You may have high regard for Apple’s attention to detail, and place a lot of trust in them through your use of their products and services — your iPhone, iPad, Mac and beyond. Apple are generally very good at protecting their customers but we have discovered a blindspot in their internet services. We are highlighting deficiencies, exemplified by the results Apple presents in their search engine.

When using Siri or the Search button on Apple devices, Apple Spotlight returns results including web links. The result quality is poor compared with Google Search, and incorrect and malicious results are often returned.

In the first example, a search for “popcorn action”, we see a strange URL and title in the first result and the third result. User generated websites that are hosted on "netlify·app" and Google’s "web·app" are third party developer creations and sandboxes, and should not be trusted, especially not for a simple query like “popcorn action”.

example 1

Searching for “ChaseNet”, we don’t get a JPMorgan result as we would expect. The first result is a link to a parked domain. A parked domain ostensibly means the domain was recently purchased by someone and they have parked it until they have developed a website. Parked websites should not be trusted, particularly because a user cannot do anything with the site if it’s official, and if malicious, they can hide phishing pages hosted behind them.

Apple should not publish search results for parked websites.

example 2

example 3

Searching for “BBL”, intending the British Basketball League, the correct result is returned first. Unfortunately, a bad listing is shown for result three. If we ignore the relevance of this query to Cricket Australia, the more pressing issue is that raw tags, including PHP server source code, are being returned. This could be an issue with the Cricket Australia website but Apple should not include this result for an end user. It looks spammy and risky to a user.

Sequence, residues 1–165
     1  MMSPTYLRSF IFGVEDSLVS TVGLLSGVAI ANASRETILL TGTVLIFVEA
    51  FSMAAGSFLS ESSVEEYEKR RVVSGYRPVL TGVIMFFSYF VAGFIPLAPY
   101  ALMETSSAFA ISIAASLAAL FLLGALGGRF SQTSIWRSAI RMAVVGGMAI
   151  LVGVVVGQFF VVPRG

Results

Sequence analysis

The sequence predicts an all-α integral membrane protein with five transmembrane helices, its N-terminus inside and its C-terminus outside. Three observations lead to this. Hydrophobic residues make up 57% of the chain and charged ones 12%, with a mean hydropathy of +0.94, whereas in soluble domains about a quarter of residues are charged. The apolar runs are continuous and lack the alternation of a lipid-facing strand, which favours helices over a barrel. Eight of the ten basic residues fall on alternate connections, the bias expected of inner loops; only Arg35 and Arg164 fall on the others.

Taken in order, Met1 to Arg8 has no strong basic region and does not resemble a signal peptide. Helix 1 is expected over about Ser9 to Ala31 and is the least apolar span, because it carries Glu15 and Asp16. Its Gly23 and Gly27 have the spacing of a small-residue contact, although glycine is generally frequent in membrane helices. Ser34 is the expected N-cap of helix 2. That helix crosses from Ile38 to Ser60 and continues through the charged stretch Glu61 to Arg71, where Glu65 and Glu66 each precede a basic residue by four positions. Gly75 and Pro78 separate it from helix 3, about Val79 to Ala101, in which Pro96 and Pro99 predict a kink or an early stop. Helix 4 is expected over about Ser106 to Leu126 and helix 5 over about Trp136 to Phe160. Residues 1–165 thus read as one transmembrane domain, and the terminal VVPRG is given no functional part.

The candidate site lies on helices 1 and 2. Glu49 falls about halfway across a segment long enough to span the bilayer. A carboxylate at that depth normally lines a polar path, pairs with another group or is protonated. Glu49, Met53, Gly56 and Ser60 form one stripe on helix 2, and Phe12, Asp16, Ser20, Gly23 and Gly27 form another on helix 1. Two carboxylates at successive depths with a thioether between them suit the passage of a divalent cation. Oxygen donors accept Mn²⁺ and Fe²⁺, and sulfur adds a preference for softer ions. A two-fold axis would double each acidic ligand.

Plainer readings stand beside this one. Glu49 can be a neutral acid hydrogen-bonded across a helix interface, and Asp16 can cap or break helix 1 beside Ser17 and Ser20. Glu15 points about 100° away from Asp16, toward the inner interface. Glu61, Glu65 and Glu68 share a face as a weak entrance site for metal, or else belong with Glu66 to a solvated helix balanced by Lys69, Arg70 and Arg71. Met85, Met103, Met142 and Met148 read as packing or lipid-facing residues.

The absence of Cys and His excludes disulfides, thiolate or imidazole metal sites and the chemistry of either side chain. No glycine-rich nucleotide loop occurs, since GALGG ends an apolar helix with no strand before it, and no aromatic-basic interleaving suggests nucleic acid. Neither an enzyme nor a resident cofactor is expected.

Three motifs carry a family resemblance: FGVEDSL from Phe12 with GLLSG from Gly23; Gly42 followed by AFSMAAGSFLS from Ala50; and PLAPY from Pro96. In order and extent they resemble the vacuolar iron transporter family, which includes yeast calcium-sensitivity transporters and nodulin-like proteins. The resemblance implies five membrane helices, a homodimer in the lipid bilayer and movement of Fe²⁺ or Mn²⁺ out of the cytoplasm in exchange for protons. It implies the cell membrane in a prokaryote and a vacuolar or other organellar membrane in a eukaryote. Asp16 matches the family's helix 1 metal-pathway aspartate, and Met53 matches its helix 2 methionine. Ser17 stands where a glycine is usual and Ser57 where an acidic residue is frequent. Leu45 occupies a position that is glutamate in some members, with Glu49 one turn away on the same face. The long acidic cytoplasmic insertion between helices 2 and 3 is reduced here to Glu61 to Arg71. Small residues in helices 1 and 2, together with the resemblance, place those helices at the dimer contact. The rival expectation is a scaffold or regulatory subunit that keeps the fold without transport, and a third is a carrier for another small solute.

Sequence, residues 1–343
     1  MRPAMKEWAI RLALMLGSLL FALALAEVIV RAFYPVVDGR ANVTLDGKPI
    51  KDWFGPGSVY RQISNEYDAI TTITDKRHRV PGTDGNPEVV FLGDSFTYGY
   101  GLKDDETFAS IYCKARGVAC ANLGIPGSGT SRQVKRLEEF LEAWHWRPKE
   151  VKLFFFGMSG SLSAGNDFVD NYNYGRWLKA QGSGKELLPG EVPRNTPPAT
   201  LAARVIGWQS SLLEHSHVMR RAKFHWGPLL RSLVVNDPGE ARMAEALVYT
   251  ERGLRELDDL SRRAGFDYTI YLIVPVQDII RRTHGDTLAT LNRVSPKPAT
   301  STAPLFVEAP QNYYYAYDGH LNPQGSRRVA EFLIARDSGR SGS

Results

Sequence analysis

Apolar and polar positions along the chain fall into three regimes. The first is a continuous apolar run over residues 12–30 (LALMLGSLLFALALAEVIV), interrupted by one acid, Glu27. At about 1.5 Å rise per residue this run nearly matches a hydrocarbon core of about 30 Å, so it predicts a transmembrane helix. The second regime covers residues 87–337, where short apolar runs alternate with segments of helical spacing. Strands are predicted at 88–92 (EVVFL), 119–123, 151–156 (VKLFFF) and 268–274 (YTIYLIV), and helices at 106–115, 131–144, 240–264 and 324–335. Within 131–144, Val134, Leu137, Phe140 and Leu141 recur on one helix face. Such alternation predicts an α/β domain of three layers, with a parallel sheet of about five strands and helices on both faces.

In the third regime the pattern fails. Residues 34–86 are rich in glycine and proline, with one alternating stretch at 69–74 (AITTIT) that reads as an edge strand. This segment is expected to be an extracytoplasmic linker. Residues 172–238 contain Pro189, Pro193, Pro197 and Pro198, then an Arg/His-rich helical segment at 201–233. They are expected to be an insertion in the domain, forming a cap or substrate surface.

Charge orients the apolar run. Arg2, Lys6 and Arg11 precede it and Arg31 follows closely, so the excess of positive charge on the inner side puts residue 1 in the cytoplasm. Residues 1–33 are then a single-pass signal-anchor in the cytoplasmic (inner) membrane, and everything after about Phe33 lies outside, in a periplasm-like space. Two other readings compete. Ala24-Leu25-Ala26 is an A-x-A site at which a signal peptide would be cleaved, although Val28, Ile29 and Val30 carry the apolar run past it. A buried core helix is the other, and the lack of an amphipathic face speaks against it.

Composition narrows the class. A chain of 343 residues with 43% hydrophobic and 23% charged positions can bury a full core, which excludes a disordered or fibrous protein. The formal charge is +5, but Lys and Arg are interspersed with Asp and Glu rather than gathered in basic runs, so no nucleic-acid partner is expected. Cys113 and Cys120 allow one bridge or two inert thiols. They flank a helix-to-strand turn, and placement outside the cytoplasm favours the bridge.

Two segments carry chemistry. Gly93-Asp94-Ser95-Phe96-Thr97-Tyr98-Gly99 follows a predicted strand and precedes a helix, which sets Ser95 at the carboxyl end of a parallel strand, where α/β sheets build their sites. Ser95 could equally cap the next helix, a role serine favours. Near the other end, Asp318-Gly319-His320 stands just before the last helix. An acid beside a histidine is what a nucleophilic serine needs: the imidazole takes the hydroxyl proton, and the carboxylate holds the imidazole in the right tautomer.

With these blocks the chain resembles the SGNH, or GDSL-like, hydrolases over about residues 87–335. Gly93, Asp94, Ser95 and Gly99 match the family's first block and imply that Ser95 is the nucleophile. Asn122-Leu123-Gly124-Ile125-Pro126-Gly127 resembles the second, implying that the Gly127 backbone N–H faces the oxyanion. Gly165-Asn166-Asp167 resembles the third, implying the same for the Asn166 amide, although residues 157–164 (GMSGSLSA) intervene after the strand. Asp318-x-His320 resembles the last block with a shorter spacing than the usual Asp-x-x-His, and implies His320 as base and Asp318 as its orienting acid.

example 4

With this first result, there is a cut-off and poor quality title.

example 5

Searching for “Society for the Propagation of the Gospel”, it returns results for United Society Partners in the Gospel. The rich result is correct overall, but the links are incorrect. In the “Links” section, appearing before Siri Suggested Websites, there is a link to the supposed official website of United Society Partners in the Gospel — stated as "weareus·org·uk". When clicking on this, you get a parked website with paid adverts. In the Siri Suggested Websites section, the first result has the correct official website — "uspg·org·uk". It looks like they moved their domain.

For knowledge gathering, Apple uses a combination of Wikipedia (and Wikidata) and web crawling with Applebot. It appears that the link listed as the official website is related to the Wikipedia result — so Wikipedia’s official website reference is out of date.

For the end user, it is not clear that the “official website” is sourced from the Wikipedia article (or its Wikidata item). Even so, many people trust Wikipedia, so many would trust it too. But it is easy to assume that Apple is stating that this is the official website. This is a dangerous scenario because users tend to place a lot of trust in Apple products and services. Apple needs to cross reference their knowledge sources and make sure results are correct and official.

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example 9